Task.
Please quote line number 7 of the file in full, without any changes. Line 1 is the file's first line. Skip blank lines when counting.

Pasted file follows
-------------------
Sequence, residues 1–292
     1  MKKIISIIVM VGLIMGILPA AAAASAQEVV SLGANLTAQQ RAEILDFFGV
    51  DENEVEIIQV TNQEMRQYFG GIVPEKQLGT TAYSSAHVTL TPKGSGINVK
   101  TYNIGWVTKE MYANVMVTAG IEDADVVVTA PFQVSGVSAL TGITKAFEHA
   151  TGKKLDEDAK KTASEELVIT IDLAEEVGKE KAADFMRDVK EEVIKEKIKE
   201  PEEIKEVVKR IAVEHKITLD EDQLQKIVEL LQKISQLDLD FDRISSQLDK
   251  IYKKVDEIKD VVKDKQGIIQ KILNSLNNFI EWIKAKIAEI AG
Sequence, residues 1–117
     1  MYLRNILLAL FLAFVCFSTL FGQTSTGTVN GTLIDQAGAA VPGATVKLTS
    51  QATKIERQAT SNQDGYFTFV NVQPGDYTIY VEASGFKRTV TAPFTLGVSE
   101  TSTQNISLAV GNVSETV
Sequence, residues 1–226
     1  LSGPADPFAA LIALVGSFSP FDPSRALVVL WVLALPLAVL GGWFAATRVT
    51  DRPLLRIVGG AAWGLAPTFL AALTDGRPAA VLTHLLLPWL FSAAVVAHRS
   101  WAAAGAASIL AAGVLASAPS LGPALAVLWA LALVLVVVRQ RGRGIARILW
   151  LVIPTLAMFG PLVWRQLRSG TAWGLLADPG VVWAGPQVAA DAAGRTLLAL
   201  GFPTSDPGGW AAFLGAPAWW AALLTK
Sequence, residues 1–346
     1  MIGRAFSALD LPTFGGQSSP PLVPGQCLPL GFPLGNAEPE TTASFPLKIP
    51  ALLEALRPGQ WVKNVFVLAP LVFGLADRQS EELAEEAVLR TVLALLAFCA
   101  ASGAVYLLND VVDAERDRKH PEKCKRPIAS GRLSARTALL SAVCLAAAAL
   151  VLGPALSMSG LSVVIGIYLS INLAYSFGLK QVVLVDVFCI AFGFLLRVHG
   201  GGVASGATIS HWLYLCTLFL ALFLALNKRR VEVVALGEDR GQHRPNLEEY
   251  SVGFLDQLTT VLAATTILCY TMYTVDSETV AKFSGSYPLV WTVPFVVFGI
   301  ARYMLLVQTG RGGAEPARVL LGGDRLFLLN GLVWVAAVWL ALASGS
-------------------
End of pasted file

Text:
   251  IYKKVDEIKD VVKDKQGIIQ KILNSLNNFI EWIKAKIAEI AG